Those who cannot remember the past are condemned to repeat it. ~ George Santayana
A gap in the treatment of disabled children worried a lone doctor in Vienna. Austrians rebuilding war-torn cities had no time for the retarded. The doctor lobbied local politicians. He opened the first clinic of its kind in Europe, and frustrated families flocked to it.
One day in 1954, the Austrian doctor glanced at two girls sitting in the waiting room. Both were washing their hands in dry air. He had seen repetitive movements before, but their actions caught his eye. Curious, he carefully examined them, compared their developmental history, and noticed a pattern.
The doctor uncovered six more patients like the girls at his clinic. He filmed them and scoured Europe for others fitting the profile. Twelve years later, he published his findings in a German medical journal that garnered no attention. His paper never even made it to the cutting room floor of the international press.
Another lone doctor traveled a parallel path in the city of Gothenburg. In 1960, he observed the same collection of unusual symptoms. He boxed up the records matching the pattern for safekeeping. His practice kept him busy, but the Swedish doctor intended to study the mystery some day.
Years passed. Both doctors in the two cities continued to document their girls and find new ones. Frustrated by the lack of interest in his research, the Austrian published a description of the disorder in English in 1977. It did nothing. More years passed.
Then a miracle happened. The two finally met at a conference in Canada. Imagine the joy of finding another professional with the same enthusiasm for these sweet girls. Inspired, the Swedish doctor collaborated with other on the first report of this syndrome published in English in a mainstream medical journal.
This report sparked interest in Rett Syndrome, named after the Austrian doctor. It took another quarter century to identify the primary gene that mutates and causes this syndrome. Now, they have a strain of female mice that show similar symptoms when this gene goes astray. They are well on their way to curing this developmental disorder.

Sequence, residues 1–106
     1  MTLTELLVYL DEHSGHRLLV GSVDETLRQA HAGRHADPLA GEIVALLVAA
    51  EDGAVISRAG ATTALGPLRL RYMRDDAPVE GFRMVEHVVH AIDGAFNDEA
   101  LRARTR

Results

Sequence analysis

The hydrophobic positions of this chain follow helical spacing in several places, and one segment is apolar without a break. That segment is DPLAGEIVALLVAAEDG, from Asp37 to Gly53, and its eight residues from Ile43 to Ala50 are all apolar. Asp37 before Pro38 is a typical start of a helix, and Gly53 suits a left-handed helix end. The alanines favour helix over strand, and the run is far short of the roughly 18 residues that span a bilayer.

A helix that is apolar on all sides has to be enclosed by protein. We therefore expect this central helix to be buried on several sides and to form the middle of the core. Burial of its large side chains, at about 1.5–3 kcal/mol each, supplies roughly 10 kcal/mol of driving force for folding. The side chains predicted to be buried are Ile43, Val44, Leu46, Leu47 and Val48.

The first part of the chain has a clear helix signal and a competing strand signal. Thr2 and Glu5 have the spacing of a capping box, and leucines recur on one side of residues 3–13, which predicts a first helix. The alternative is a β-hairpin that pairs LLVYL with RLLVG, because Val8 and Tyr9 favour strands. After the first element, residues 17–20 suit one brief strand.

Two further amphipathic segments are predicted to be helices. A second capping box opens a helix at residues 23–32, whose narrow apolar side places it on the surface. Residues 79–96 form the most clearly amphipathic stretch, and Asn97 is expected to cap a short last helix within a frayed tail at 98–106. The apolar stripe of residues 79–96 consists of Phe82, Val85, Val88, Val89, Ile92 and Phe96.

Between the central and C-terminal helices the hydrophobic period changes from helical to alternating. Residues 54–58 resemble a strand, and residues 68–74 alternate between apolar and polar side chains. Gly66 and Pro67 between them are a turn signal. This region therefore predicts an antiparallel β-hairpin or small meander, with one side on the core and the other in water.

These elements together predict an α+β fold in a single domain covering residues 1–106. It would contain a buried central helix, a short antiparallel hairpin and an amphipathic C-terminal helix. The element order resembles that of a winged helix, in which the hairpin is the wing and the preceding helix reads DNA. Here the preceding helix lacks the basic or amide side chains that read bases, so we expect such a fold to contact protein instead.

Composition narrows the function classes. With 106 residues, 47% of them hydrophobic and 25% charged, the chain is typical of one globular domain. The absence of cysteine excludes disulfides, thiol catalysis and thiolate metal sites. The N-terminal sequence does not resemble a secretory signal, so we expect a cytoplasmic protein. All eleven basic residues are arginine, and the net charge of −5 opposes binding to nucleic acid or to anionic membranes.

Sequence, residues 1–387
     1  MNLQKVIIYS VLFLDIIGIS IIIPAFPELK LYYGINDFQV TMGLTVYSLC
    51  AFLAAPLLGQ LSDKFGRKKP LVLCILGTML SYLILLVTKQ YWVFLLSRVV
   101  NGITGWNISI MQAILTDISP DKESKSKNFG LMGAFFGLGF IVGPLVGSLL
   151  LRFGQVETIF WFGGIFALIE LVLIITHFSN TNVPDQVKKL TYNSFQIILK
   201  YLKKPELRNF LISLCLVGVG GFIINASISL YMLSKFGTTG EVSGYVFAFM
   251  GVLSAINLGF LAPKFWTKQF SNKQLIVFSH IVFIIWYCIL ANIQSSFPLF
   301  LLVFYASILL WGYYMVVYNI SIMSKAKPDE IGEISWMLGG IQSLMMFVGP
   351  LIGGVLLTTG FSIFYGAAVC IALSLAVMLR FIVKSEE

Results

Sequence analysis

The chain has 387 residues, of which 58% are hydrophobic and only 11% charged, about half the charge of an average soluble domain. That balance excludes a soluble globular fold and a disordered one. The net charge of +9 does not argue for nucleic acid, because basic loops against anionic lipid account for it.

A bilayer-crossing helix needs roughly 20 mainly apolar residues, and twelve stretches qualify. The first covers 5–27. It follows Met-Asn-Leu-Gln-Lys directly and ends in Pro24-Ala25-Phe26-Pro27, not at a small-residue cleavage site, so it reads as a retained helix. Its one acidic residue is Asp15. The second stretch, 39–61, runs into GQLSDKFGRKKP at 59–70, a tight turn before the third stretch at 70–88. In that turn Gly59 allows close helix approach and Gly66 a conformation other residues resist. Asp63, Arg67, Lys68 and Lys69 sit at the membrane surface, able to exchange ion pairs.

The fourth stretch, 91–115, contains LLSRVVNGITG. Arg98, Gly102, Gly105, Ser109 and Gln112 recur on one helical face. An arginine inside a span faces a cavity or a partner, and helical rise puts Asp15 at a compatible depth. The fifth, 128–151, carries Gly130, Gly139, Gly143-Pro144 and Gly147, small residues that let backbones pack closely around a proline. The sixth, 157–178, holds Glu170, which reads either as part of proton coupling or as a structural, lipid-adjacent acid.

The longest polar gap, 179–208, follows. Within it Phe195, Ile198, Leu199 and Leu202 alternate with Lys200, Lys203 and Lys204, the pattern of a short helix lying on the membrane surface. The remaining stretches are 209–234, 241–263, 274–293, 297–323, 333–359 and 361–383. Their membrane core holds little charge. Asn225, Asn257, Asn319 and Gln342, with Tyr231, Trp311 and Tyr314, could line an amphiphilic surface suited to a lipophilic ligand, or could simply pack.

What does the history of PKU and Rett Syndrome have to do with autism? Doctors once labeled these disorders as mental retardation. Seeing and investigating a pattern led to the prevention and treatment of PKU. Seeing another pattern revealed the gene and animal model for Rett Syndrome. Vast epidemiological studies did not produce these revelations. Large numbers cloak vital little patterns. By chipping away at unique profiles, researchers peeled back layers of retardation.
The lessons of the past imply that autism, like mental retardation, is a collection of syndromes. By sorting puzzle pieces by pattern, doctors might shorten the time needed to spot a new causation. Correlating the perceived increase in autism to one cause (television) is like assembling a jigsaw puzzle from a huge pile of pieces. Too many unrelated pieces blind the puzzle builder unless first sorted logically. The past tells us to conquer the puzzle by working in separate clusters.
Moral of the Story: Study the profile or your child. Try to identify therapies that seem most promising for an autistic child like yours.